The Florida State University College of Medicine has been granted a maximum eight-year accreditation by the sanctioning body of U.S. medical schools.
“This news was not unexpected based on the remarkable outcomes this medical school has produced since the first class of 30 students arrived in 2001.” – John P. Fogarty Dean College of Medicine
LCME accreditation occurs every eight years as part of a nearly two-year process that includes a rigorous self-study by the applying institution and a thorough inspection from the site visit team.
The survey team was made up of representatives from six medical schools and included two deans, a professor of internal medicine, a fourth-year medical student, a vice dean for academic affairs and an associate dean for medical education.
Their report served as the basis for the decision regarding Florida State’s compliance with accreditation standards in five areas: institutional setting, educational program for the M.D. degree, medical students, faculty and educational resources. Only accredited institutions may receive federal grants formedical education and participate in federal loan programs.
In addition, attendance at an Laccredited program is required for U.S. allopathic medical students before they can take the U.S. Medical Licensing Exam or residency programs approved by the Accreditation Council for Graduate Medical Education.
“Institutional accreditation assures that medical education takes place in a sufficiently rich environment to foster broad academic purposes.” – Dr. Alma Littles senior associate dean
In its letter of accreditation, the LCME cited several areas of strength within the program at Florida State:
Â· “The College of Medicine is a student-centered, educationally focused organization in which decision making and priority setting are guided by its primary mission to develop exemplary, patient-oriented physicians.”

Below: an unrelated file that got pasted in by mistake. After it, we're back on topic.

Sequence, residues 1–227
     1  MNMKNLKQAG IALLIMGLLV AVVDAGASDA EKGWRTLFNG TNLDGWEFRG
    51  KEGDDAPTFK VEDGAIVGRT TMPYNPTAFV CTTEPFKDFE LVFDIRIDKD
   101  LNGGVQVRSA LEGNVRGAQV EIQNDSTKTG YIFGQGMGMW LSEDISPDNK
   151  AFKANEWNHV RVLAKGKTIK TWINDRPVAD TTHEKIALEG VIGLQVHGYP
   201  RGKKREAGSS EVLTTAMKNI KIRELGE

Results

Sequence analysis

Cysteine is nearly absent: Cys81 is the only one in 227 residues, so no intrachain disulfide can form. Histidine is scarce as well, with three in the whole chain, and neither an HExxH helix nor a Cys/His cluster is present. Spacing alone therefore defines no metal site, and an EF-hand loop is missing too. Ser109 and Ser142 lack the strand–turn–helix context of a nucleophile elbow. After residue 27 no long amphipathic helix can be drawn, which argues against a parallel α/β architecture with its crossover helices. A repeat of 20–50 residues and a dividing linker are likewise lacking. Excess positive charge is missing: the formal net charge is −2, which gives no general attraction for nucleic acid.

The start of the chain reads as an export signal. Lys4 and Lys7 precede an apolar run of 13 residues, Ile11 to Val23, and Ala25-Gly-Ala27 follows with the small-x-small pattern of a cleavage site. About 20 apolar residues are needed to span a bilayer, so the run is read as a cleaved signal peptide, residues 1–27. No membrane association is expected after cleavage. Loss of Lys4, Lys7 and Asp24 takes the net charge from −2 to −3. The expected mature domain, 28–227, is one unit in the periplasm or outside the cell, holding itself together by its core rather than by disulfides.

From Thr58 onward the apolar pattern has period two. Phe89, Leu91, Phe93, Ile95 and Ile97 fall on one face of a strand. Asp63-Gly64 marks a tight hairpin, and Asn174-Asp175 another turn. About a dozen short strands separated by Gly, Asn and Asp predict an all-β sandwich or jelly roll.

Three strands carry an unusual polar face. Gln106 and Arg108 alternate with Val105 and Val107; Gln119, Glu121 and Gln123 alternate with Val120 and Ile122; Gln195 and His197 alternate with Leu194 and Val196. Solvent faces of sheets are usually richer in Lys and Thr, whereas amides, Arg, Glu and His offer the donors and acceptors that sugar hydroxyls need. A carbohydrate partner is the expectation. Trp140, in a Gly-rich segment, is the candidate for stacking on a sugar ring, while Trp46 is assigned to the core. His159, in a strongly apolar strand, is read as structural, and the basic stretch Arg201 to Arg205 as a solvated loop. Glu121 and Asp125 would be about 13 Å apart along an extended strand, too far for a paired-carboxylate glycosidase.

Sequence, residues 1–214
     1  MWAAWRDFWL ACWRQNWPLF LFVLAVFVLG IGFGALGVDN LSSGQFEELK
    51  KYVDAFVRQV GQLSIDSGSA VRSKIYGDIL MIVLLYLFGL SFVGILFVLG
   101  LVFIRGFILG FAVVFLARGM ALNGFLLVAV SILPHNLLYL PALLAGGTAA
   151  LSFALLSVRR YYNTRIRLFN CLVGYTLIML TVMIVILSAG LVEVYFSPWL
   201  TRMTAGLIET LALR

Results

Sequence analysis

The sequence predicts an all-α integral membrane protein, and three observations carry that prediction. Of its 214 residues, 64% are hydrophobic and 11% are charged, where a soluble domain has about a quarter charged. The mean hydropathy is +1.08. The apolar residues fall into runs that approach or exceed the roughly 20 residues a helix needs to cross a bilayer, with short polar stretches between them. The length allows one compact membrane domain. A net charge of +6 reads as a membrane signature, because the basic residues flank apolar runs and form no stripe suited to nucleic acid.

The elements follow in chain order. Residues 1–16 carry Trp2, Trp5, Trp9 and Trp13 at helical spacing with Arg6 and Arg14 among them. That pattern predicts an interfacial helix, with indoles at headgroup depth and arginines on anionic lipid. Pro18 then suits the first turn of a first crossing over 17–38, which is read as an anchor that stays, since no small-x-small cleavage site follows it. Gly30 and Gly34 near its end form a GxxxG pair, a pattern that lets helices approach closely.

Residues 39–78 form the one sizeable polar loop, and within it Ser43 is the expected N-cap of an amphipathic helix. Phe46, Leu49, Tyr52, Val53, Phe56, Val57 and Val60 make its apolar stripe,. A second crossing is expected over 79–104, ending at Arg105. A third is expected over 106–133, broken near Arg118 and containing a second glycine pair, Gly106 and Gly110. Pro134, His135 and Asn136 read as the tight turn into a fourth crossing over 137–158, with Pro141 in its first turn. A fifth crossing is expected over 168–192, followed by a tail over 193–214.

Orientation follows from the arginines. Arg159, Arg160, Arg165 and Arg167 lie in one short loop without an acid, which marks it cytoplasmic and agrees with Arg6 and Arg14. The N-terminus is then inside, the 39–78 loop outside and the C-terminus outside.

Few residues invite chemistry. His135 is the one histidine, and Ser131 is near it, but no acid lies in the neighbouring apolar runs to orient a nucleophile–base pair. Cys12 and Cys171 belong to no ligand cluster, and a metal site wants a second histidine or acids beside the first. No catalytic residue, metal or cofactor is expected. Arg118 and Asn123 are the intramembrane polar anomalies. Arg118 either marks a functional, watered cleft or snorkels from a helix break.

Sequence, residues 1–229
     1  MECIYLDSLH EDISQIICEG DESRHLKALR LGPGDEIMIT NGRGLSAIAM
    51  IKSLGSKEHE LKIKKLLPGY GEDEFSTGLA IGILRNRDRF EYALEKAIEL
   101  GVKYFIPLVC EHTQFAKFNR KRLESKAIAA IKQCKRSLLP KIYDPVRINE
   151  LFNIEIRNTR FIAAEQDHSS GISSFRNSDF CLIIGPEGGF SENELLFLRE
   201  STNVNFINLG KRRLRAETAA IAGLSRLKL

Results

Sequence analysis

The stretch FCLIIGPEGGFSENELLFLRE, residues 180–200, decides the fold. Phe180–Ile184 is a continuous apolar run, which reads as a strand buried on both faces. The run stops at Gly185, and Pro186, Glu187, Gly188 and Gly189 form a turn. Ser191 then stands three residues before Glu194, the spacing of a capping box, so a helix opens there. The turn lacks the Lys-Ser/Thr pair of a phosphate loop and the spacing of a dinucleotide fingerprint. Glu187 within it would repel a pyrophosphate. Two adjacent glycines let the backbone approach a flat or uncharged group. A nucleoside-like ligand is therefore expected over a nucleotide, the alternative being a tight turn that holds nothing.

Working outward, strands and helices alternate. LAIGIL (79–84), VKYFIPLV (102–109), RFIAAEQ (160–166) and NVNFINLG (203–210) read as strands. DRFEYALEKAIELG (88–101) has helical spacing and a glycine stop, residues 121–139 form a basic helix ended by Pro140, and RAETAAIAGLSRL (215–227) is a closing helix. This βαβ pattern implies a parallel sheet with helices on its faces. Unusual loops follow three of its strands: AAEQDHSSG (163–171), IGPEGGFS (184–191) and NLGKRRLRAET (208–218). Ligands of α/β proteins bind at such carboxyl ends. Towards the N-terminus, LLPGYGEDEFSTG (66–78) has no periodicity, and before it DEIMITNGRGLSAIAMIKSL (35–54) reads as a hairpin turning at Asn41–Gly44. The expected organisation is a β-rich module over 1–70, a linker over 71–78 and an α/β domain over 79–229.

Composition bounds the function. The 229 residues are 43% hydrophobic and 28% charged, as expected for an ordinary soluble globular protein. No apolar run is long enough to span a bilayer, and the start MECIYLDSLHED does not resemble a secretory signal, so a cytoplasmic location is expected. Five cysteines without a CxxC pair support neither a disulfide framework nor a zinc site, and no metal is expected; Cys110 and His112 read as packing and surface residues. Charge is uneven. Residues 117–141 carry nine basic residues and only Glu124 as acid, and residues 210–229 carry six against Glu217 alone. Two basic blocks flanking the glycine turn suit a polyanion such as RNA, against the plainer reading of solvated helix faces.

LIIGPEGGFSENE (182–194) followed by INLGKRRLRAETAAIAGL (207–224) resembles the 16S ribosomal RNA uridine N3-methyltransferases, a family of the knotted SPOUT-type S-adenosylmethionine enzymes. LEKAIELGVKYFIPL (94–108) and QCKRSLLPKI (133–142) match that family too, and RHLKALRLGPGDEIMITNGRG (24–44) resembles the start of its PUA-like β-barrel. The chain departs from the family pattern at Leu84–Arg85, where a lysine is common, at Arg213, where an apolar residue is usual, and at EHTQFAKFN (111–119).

Â· “The College of Medicine has a long-standing, well-organized and successful program for pipeline development and recruitment of students of diverse backgrounds.”
Â· “The community faculty apprenticeship model of clinical education provides students with the opportunity to see large numbers of patients, to be involved in all aspects of their care, and to be closely observed for development of competence in their roles as physicians.”
Â· “The College of Medicine should be commended for an impressive faculty development program, particularly for the diverse nature of the offerings and the sheer volume of effort expended to support the development of faculty on an ongoing basis.”
Â· “The retention rate for community faculty is high, creating a stable educational platform for the clinical program.”
Since first gaining full accreditation status in 2005, the College of Medicine has opened new regional campuses in Sarasota, Fort Pierce and Daytona Beach and rural clinical training sites in Marianna and Immokalee; graduated seven classes; and grown from around 170 medical students to a full enrollment of 480. The new regional campuses are in addition to previously opened campuses in Orlando, Pensacola and Tallahassee.